Novartis unit to buy generic drug maker

Novartis business unit Sandoz wants to expand its North American sales Keystone

Sandoz, a Novartis-owned maker of generic drugs, has moved to buy Canada’s Sabex for $565 million (SFr699 million).

This content was published on June 7, 2004 - 11:56

The Vienna-based company said the purchase would help boost its position in the North American market for off-patent drugs.

Sandoz said brand-name medicines with sales of up to $14 billion in the United States are set to lose patent protection between 2003 and 2010.

Sabex, which is based in Quebec, is Canada’s sixth-largest maker of what are known as “injectable generics”.

Sandoz is the world’s second-largest maker of generic drugs.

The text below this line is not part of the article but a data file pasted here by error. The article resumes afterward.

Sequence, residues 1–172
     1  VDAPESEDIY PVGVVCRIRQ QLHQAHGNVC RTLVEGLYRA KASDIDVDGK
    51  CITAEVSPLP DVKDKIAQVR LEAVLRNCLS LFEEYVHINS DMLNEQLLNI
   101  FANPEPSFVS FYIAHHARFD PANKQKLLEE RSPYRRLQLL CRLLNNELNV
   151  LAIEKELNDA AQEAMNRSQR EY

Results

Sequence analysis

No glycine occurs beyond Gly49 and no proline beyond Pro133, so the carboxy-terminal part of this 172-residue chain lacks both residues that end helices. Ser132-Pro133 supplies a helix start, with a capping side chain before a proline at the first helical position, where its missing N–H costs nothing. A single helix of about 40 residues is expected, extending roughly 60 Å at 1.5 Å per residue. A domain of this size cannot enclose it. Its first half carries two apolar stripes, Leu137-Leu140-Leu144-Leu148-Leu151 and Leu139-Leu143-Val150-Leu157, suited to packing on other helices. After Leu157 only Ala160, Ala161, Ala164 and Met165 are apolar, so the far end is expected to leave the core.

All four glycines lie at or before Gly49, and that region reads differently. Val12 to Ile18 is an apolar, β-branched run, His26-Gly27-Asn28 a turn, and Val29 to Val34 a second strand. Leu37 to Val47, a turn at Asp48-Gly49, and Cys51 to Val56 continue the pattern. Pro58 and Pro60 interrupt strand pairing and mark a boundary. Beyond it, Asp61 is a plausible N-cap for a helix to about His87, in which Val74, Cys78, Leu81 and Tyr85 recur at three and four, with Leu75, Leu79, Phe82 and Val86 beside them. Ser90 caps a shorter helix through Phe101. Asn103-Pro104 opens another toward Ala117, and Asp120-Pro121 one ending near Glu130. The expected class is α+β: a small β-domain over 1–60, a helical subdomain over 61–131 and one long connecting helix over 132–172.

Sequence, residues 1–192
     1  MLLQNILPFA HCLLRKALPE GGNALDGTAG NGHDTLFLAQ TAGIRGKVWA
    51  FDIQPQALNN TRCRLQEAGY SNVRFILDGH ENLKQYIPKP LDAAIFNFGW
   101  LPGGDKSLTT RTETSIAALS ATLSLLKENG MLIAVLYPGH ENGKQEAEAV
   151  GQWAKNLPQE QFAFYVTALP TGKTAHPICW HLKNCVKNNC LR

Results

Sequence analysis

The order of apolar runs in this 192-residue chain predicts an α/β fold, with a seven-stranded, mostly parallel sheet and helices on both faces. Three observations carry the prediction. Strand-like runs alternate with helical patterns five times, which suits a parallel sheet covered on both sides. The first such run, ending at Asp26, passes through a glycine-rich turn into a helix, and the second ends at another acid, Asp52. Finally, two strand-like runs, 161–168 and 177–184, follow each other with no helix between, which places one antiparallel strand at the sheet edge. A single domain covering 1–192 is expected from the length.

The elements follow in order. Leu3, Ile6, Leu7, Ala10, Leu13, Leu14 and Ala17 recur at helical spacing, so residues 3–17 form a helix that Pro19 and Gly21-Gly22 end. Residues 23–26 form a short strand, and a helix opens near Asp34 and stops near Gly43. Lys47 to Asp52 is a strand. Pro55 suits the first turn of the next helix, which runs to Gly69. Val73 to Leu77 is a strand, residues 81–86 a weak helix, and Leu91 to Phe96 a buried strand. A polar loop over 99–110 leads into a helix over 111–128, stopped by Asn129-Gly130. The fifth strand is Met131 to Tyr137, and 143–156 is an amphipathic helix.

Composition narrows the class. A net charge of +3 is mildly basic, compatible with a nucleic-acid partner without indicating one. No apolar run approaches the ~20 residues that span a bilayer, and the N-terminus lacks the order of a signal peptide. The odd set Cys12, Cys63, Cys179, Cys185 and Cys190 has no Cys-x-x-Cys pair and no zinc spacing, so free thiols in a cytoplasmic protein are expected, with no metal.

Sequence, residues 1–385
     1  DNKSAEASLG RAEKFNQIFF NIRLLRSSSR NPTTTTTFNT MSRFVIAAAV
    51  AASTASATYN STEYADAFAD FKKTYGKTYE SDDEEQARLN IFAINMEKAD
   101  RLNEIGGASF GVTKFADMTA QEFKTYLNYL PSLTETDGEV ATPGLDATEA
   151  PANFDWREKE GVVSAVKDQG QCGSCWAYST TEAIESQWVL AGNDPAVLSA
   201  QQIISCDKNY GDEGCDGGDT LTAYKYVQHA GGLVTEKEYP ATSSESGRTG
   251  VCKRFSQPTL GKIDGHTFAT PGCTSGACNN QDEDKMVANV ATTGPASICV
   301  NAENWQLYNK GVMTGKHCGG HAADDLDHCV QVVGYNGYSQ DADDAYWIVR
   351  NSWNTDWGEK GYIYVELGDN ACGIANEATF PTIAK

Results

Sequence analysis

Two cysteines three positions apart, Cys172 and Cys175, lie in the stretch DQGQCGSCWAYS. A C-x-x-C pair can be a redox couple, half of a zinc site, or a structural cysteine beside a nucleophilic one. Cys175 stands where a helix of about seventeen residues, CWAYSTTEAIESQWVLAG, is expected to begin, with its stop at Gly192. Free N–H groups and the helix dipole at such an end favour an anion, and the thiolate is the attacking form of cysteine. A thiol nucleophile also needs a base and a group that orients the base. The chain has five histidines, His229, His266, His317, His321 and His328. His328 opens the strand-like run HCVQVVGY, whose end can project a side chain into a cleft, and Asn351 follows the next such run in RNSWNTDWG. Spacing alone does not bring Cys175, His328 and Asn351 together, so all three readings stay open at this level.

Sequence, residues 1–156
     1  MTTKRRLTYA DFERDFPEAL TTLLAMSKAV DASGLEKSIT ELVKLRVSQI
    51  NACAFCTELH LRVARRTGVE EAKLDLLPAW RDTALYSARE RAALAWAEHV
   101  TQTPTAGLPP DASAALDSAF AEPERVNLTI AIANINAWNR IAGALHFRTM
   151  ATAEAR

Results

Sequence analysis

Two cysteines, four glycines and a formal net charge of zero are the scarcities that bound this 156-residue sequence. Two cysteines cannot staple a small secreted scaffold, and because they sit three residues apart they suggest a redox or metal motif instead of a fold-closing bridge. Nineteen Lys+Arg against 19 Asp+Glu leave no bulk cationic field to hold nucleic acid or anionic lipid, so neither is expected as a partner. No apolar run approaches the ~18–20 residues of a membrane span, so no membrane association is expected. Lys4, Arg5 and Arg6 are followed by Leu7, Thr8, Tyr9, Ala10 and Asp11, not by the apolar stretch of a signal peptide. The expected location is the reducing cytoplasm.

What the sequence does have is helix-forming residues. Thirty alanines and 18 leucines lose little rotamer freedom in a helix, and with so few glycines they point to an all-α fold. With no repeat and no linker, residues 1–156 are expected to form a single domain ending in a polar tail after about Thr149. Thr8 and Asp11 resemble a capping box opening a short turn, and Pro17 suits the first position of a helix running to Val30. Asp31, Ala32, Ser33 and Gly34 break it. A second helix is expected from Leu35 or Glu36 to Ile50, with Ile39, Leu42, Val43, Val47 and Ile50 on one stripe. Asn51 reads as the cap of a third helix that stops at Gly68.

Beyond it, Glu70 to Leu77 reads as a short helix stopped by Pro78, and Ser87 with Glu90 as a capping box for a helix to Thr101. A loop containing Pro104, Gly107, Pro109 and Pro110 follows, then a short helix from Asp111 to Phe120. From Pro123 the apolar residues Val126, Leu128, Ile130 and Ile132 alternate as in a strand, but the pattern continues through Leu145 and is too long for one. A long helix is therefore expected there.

“The deal gives Sandoz a new operational presence in Canada,” Christian Seiwald, the firm's chief executive, said in a statement.

Too expensive

Analysts expressed support for the move but questioned the price, which is equal to 6.3 times last year's sales of almost $90 million.

Patrick Burgermeister, a Zurich Cantonal Bank analyst, said it looked "expensive".

But Eric Bernhardt, a fund manager at Clariden Bank, put a more positive spin on the deal.

“Injectable generics is going to be big business, so looking at the big picture this is a good acquisition,” he said.

The move is part of a general strategy by Novartis to build a strong generic drugs business.

Unlike many of the world’s biggest pharmaceutical firms, Novartis has built Sandoz to tackle big-name rivals by producing cheaper versions of well-known drugs.

The world’s largest market for generic drugs is in the US, where many so-called blockbuster drugs are due to come off patent.

The Sabex deal is due to be completed next month, subject to US and Canadian regulatory approval.

swissinfo with agencies

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